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Raw Events - mIRC
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Raw events allow you to handle IRC event in their native, unmodified, format. Every message you receive from the server before mIRC processes it is called a raw message. And it might look a little different from the one you see after it gets parsed.

Raw Messages[edit]

Below is an example of a typical raw irc message that is received when a user talks in a channel:

:Kevin! PRIVMSG #mIRC :I feel lucky today

What most of us would see would look a little different. In my case it looks like this:

15:43 <@Kevin> I feel lucky today

As you can see, mIRC has processed the raw message and displayed it in a convenient manner. There are many occasions where we might want to override this behavior or even handle messages that mIRC might not natively support. In this article we will see at least two such cases.


Before we can talk about the actual events themselves it's important that we get a better understanding on what these raw messages look like. mIRC provides a continent way to do just that with the use of the /debug command. The /debug command can be used to display all the raw messages that gets passed between you and the server. The debug command can be called using the following syntax:

/debug <@window>

We suggest you create a window with an editbox so that you can execute commands from within the same window.

Note: The message are shown undecoded (utf8)

//window -e @raw | debug @raw

Raw Numeric[edit]

Using the debug window we have open. Let’s execute a /whois command on someone in our channel. You might see something similar to this:

 -> WHOIS foo
 <- 311 bar foo ~Ident :Foo Jenkins
 <- 319 bar foo :+#foobar @#kekelar %#scripting
 <- 312 bar foo :Server Description
 <- 307 bar foo :has identified for this nick
 <- 335 bar foo :is a Bot on name 
 <- 671 bar foo :is using a Secure Connection
 <- 318 bar foo :End of /WHOIS list.

You may have noticed that following the server’s name there is a strange number: 311, 319, 312, 307... These numbers are known as raw numeric. Most, but not all, raw messages will have a number that we can use to uniquely identify the message. For example 318 will always mean "End of /WHOIS list." Raw numeric 319 will always give us a list of channels the user is on. That number will prove to be invaluable in writing scripts that deal with raw message.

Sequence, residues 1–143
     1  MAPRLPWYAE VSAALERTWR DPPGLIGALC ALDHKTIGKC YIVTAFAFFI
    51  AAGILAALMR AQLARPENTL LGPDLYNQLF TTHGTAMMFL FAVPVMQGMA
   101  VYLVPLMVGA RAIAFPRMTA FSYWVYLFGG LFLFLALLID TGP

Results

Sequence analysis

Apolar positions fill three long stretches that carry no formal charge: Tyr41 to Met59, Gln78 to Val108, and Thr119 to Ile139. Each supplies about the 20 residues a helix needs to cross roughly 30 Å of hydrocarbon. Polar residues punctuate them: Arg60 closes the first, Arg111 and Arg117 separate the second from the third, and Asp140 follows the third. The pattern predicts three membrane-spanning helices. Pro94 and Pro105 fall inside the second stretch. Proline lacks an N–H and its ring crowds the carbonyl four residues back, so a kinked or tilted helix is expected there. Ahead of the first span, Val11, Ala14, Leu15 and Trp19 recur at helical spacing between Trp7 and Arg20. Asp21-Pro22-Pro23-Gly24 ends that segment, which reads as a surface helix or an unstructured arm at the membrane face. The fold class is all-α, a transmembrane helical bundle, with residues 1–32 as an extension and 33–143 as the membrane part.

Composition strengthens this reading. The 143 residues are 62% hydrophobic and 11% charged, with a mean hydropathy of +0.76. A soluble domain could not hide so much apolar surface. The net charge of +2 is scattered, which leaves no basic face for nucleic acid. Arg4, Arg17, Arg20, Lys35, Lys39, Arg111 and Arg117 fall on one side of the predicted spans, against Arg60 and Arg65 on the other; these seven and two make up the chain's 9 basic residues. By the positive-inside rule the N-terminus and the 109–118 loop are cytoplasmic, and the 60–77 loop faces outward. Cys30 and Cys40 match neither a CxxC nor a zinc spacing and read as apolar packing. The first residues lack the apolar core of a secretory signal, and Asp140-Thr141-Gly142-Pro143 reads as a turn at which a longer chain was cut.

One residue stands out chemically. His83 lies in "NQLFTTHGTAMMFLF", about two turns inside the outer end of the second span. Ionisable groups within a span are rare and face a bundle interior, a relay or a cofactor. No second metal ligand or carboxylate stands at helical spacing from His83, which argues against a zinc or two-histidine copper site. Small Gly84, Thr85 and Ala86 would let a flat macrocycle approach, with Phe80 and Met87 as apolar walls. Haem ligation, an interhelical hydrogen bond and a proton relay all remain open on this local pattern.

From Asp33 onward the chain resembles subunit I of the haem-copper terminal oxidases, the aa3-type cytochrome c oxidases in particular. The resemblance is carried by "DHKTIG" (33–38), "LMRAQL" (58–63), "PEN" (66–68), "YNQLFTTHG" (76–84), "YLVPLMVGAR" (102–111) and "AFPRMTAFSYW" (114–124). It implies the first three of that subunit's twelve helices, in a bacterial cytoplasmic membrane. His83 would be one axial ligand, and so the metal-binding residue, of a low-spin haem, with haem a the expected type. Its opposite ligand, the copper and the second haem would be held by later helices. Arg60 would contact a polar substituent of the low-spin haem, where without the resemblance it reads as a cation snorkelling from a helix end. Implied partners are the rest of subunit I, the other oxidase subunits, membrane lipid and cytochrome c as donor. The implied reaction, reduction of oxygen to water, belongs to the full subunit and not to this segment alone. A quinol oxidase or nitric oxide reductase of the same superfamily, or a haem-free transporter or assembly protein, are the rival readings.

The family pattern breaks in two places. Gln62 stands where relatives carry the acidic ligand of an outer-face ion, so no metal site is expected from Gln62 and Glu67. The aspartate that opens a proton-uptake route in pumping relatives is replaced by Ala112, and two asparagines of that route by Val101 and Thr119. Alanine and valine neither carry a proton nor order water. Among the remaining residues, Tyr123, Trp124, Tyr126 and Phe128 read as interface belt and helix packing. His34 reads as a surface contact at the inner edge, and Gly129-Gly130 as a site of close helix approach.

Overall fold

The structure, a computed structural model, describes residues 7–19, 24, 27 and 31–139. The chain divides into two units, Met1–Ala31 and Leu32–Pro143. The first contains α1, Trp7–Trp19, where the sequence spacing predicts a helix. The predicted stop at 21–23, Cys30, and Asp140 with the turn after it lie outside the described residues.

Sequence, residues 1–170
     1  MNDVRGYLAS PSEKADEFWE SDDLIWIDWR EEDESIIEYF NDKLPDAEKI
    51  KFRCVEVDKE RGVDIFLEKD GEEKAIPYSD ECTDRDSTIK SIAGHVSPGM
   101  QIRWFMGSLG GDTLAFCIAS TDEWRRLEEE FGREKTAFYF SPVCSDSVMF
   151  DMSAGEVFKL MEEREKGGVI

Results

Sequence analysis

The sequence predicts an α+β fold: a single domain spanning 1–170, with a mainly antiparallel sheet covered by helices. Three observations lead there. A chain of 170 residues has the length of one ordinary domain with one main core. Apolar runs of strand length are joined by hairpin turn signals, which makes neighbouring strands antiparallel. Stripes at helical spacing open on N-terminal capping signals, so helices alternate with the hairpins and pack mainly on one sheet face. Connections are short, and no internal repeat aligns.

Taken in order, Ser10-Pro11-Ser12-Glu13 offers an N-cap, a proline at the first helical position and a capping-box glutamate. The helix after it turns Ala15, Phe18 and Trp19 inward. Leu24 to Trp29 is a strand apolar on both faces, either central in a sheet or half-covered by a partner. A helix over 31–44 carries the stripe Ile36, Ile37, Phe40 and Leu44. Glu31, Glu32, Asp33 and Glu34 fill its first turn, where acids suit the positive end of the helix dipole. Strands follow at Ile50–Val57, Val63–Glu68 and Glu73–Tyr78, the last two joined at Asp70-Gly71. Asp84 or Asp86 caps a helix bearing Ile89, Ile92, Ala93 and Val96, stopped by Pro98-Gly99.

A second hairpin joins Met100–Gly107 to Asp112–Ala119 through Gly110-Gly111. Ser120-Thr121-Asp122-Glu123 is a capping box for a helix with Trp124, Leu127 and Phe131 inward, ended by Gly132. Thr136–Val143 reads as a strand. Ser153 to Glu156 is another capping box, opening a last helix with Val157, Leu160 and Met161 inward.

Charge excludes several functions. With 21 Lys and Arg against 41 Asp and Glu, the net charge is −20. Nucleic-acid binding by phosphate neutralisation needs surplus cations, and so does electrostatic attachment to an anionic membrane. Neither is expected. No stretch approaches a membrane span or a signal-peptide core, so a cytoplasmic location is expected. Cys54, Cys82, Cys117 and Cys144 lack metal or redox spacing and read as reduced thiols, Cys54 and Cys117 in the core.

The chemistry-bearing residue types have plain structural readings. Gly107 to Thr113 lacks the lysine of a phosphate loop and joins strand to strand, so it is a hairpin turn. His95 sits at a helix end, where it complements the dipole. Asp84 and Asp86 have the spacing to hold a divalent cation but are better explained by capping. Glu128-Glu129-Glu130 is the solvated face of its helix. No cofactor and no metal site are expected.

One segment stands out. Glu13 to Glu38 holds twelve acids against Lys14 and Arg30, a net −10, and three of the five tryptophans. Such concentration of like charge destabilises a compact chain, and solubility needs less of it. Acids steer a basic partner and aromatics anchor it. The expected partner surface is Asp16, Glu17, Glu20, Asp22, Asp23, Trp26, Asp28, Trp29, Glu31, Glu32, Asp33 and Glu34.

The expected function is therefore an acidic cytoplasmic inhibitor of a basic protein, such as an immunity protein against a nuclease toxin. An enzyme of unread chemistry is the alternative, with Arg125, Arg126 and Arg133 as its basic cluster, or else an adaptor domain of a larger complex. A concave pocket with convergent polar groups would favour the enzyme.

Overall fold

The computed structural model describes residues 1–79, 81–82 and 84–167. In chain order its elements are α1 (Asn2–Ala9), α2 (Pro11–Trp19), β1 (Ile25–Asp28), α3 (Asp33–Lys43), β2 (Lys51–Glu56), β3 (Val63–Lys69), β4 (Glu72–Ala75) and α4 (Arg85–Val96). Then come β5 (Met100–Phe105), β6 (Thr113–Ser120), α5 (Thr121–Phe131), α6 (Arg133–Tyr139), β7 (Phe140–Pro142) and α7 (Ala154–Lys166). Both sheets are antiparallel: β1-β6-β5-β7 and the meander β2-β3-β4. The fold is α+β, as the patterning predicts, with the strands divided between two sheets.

Numeric Raw Event[edit]

The syntax for the raw event is:

raw <numeric>:<matchtext>:{
   ; code to handle the message

Note: The on raw event triggers every time a raw numeric and a pattern matched, regardless of who or what caused the event to happen.

You can see how the numeric is a very important part of a raw event. The matchtext can be a wildcard pattern by which mIRC will try to match against.

Recall that raw 319 is the list of channel the user is you whoised is on: 319 <myname> <nick> :<[mode]#channe> <[mode]#channe2> <[mode]#channe3>...

Our raw event will look like this:

raw 319:*:{
  ; $1 = <myname>
  ; $2 = <nick>
  ; $3 = <[mode]#channel 1>
  ; $4 = <[mode]#channel 2>
  ; $5 = <[mode]#channel 3>
  ; $6 ...

Example: Channels-On-Join[edit]

In this example we will create a script that will message all the channels a user is on. Our example will be composed of two parts: an on join event and an on raw event.

We will need to use the on join event to be able to know when the user joins a channel. Recall that the raw event will trigger whenever any matching raw message is received. To ensure our raw event only happens when we want it to we will set a variable to indicate it.

The on join part:

on *:join:#:{
   ; make a variable called "%whois.nick" to the channel's name 
   ; We will use this variable later on in the raw event. 
   set %whois. $+ $nick $chan 
   ; whois the user
   whois $nick

Recall that $2 is the user we whoised. We will need that to check if %whois.nick is set. Our code will look like this:

raw 319:*:{
   ;We indicated that the event should trigger on the server's numeric value of 319
   if (%whois. [ $+ [ $2 ] ]) {
     ;In the if statement we check if we actually /whoised this user 
     msg %whois. [ $+ [ $2 ] ] [WHOIS] $2 is on $3-.
     unset %whois. $+ $2

Non-Numeric Raw Event[edit]

As we have seen, not every raw event has a numeric value. The syntax for such events are:

raw <event>:<matchtext>:{
   ; code to handle the message

An example of using it is for SASL authentication. Where the following events will be used (on a network like FreeNode):

raw cap:* ack sasl *:{ }
raw cap:* ls *:{ }
raw authenticate:*:{ }